A single (screen) shot at life
Do you remember the first time you were made aware of becoming older? No longer invincible, immune to the effects of time? Maybe it was a child who made you feel this way, a small person who thought 30 might as well be 80. Or perhaps it was being called ma’am for the first time by a teen-aged store clerk. Was it the first breath-taking sighting of gray hairs on your head that tipped you off, or a well-meaning aunt pointing out that you’re not getting any younger and your eggs will soon be too old to make babies?
I remember clearly the first time I realized it was indeed happening to me and could not be escaped… aging, the headlong march to death. I had gone in to see a dermatologist for a general check up (probably because Oprah or Katie Couric said I should) but mostly to check on these funny little lines on the pads of my finger tips. Having been a child with sensitive and problem skin -bouts of impetigo and excema so bad that I would miss school- I was used to discovering strange rashes and using special creams and washes. I was certain these dry, craggy lines were some sort of creepy crawly rash or undiagnosed skin cancer. But the kind and thorough doctor was more than a little amused to break the news to me that my skin was simply aging and that the lines were normal and irreversible. There it was. Plain and simple, the first visible effects of aging, diagnosed by a medical professional. I did not take it well.
That was over five years ago, and if I look closely now I can see that hairline crosshatch design across almost my entire palm. Of course since that particular dermatologist visit, I’ve been back and had cancer cells and precancerous cells removed and been scolded for my youth in the sun that has caused so much more damage than I ever anticipated, but should have. Gray hairs have been spotted, crows-feet and smile lines are threatening to settle in, and a chinny-chin hair or two has appeared (and swiftly dealt with, FYI, lest you start to imagine my near future as a bearded troll under a bridge, capturing small juicy children for dinner. Scary.) Where was I? Oh yes… those little lines on my fingers seem very silly now indeed.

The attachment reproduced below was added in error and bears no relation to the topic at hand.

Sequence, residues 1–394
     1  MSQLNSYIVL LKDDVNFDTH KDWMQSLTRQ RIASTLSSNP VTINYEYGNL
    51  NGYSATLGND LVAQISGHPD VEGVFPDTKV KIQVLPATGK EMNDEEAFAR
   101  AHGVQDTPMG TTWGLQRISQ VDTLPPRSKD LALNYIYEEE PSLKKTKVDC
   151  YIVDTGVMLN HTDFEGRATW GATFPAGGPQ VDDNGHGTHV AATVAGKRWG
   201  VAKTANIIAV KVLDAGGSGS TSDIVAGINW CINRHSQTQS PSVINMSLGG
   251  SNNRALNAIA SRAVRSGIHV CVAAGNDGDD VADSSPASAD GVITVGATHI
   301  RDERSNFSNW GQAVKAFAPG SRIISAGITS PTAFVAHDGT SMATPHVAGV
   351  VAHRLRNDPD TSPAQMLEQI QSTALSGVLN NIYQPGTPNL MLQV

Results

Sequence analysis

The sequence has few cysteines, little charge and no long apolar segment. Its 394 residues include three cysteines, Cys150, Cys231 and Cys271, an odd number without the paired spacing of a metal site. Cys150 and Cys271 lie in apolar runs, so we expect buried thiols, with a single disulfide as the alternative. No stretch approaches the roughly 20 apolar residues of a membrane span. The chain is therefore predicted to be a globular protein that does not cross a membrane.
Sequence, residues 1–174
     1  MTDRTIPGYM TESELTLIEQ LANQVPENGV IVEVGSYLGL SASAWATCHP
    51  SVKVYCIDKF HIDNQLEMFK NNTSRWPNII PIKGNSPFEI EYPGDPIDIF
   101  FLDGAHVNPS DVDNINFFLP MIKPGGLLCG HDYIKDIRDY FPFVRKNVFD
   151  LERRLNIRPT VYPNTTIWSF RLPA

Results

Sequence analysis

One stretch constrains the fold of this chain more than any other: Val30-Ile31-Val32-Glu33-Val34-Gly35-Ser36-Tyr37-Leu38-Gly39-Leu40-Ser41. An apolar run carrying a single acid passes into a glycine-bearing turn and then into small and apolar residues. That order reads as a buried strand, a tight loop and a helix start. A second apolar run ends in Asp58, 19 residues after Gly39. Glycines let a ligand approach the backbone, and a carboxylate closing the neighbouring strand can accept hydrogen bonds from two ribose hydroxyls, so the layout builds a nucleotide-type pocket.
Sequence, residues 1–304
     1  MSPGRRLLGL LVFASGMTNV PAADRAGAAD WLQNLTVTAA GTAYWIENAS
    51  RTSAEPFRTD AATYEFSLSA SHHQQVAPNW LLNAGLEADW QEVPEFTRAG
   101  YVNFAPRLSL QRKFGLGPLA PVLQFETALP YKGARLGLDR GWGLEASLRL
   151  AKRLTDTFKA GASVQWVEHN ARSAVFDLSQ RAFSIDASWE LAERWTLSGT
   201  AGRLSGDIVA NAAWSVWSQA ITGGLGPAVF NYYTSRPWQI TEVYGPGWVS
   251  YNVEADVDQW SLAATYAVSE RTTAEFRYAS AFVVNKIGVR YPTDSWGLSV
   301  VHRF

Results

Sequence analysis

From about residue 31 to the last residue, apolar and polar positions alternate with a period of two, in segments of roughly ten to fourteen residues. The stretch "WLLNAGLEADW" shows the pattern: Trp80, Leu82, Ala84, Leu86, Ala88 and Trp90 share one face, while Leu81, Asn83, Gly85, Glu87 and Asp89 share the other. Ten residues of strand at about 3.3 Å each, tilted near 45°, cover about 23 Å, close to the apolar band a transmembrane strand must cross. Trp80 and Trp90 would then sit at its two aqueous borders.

The other day I made a simple Excel spreadsheet with years running across the top and each of my family members’ names down the side. I filled in every box all the way across with our ages at any given year. I also added rows for my kids’ school years. I saw in black and white that my husband and I will be 48 when our youngest two graduate from high school; in 2034 when our oldest turns 30, we will turn 57. Simple math, but seeing it spread out across a single screen is daunting. I saw with clarity that it is highly likely that Kenn’s and my parents won’t meet their great-grandchildren, and might even be gone before their grandchildren’s college graduations, if only average life expectancies are met. It’s amazing to me how little space these life spans take up on the screen, how few “columns” we have left.
I’ve done this exercise before but usually don’t save the file, or I save it and subconsciously “lose” it by burying it in another worksheet. But this time I labeled it and have put it in a prominent spot on my computer. Denial or fear of aging and death won’t do me or my family any good. Instead I’m choosing to take a conscious and clear look at the next 40-50 years and try to make the best of them. I gotta say, it feels good to face reality so clearly, to imagine the possibilities of those years and to reconcile that we might not even get them at all. I highly recommend it- it’s easy and free and- who knows- might even spare you a cliched midlife crisis.